The Network or Macroscopic Fundamental diagram (MFD) has been a topic receiving a lot of attention in the past decade. Both from a theoretical angle and from a more application-oriented perspective, the MFD has proven to be a powerful concept in understanding and managing vehicular network dynamics.In particular, the application in traffic management has inspired the research presented in this contribution, where we explore the existence and the characteristics of the pedestrian Macroscopic Fundamental Diagram (p-MFD). This is first of all done from a theoretical perspective, which results in the main contribution of this research showing how we can derive the p-MFD from assumed local fundamental diagrams (FDs). In doing so, we show that we can relate the average (out-)flow from a pedestrian network as a function of the average spatial density ρ- and the density spatial variation σ2. We show that the latter is essential to provide a reasonable description of the overall network conditions. For simple relations between density and speed (i.e. Greenshields and Underwood fundamental diagrams), we derive analytical results; for more commonly used FDs in pedestrian flow theory, such as the triangular FD of Newell or the FD of Weidmann, we show the resulting relation by proposing a straightforward simulation approach.As a secondary contribution of the paper, we show how the p-MFD can be constructed from pedestrian trajectory data stemming from either microsimulation or from experimental studies. We argue that the results found are in line with the theoretical results, providing further evidence for the validity of the p-MFD concept. We furthermore discuss concepts of hysteresis, also observed in vehicular network dynamics, due to the differences in the queue build up and recuperation phases.We finally present some applications of the presented concepts in crowd management, network level-of-service determination, and coarse-scale modelling.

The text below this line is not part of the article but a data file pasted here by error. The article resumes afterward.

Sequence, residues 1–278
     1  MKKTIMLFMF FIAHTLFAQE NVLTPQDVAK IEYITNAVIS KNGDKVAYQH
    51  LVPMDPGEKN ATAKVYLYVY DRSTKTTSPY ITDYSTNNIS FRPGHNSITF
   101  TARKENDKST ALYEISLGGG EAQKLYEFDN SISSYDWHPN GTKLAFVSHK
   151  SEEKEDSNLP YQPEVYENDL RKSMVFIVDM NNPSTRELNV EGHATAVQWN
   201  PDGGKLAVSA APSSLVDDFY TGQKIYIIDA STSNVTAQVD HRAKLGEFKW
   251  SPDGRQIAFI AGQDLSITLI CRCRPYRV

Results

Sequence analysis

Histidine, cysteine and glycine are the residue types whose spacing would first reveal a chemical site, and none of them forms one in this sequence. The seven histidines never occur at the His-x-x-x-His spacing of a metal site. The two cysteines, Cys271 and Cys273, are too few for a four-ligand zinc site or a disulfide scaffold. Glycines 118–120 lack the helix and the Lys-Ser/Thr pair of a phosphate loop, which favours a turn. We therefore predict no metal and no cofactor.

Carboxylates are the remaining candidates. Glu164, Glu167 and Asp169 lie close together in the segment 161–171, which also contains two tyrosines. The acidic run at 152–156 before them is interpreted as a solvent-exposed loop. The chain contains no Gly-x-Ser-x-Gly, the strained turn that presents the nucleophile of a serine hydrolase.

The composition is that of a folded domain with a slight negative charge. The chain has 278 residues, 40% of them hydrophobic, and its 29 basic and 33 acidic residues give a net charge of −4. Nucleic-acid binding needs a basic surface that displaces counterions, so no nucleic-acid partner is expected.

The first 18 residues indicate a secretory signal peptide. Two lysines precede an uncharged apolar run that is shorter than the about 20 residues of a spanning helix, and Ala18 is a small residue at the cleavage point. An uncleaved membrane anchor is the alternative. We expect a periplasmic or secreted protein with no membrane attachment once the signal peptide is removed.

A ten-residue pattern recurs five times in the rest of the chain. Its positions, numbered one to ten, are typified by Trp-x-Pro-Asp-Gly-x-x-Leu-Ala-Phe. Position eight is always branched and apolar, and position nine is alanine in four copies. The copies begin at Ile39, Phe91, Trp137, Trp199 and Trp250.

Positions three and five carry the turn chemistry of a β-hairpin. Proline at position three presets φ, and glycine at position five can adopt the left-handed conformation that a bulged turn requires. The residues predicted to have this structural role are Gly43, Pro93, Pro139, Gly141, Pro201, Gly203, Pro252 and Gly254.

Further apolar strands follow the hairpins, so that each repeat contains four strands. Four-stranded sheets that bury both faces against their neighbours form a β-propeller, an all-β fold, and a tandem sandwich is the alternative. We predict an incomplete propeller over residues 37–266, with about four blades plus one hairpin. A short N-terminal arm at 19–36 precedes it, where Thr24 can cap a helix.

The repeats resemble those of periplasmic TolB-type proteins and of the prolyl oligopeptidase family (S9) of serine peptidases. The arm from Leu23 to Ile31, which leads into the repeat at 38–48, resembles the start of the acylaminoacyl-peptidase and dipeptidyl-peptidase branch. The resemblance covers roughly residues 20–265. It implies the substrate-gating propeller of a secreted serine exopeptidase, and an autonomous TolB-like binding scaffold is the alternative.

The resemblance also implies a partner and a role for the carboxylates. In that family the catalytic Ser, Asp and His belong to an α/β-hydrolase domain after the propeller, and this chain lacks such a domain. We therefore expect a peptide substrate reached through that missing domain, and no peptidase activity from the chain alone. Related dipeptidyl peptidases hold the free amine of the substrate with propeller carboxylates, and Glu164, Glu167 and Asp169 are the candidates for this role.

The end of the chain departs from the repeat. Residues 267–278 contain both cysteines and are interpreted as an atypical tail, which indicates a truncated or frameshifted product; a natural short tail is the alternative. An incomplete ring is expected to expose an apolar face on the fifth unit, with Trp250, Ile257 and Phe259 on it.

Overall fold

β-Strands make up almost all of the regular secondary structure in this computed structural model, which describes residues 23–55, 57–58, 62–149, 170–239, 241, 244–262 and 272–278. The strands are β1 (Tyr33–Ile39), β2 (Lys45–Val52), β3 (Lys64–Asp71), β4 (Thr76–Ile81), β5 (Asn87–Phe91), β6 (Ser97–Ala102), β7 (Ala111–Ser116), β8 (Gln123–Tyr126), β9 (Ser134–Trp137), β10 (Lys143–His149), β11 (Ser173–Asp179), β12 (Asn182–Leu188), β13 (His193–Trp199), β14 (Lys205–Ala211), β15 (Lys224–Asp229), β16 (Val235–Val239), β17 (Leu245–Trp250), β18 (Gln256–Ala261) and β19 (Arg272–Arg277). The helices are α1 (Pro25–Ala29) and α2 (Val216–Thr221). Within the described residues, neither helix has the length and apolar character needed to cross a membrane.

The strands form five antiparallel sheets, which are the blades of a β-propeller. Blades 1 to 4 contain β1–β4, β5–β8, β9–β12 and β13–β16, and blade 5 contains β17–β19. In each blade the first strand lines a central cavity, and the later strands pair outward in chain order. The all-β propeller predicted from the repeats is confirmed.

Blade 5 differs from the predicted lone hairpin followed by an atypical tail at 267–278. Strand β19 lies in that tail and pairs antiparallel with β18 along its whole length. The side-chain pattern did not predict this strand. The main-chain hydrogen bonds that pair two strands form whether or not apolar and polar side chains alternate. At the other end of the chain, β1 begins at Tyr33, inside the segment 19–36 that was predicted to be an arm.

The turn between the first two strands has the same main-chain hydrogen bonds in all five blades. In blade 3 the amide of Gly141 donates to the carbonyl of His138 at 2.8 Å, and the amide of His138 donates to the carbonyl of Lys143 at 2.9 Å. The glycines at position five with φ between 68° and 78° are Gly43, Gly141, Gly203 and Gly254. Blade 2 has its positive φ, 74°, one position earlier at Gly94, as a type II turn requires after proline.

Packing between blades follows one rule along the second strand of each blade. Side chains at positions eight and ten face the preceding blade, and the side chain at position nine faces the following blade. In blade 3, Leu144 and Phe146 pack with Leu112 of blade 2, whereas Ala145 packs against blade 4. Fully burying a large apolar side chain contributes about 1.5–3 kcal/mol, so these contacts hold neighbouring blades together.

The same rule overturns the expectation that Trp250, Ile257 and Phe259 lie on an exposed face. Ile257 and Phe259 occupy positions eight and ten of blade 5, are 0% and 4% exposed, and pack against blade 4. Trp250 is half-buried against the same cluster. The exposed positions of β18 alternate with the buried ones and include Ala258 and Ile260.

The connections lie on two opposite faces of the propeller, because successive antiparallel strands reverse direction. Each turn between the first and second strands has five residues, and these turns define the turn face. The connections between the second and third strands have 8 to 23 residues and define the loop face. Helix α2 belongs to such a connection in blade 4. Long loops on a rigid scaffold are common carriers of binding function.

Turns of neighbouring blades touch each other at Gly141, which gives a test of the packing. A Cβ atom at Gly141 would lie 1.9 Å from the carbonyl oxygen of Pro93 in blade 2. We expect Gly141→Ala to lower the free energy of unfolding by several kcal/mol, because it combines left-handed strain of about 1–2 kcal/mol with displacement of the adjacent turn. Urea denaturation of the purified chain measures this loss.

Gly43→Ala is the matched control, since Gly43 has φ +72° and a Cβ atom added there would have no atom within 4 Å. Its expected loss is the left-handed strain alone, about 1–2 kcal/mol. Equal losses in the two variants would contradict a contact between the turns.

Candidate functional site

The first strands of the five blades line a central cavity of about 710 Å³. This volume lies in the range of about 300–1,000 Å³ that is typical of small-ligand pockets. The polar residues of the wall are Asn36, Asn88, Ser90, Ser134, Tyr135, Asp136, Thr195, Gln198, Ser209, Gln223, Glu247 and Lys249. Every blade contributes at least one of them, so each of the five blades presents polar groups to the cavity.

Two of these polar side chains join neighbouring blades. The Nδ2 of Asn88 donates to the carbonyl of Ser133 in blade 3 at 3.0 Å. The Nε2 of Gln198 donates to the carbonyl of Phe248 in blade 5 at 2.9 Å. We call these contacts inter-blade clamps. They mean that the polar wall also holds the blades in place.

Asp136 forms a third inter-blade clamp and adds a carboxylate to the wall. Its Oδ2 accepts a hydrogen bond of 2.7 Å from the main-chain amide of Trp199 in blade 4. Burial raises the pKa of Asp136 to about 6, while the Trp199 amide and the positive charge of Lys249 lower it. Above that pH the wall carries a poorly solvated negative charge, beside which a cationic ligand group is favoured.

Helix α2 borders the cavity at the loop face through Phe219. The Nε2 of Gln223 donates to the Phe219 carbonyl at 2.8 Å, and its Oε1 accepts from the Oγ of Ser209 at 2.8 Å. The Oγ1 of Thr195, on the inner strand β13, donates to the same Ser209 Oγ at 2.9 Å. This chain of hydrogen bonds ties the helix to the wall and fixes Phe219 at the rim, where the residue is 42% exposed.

|Journal||Transportation Research Part C: Emerging Technologies|
|Publication status||Published - 2018|
- Macroscopic Fundamental Diagram
- Pedestrian networks
- Spatial variation of density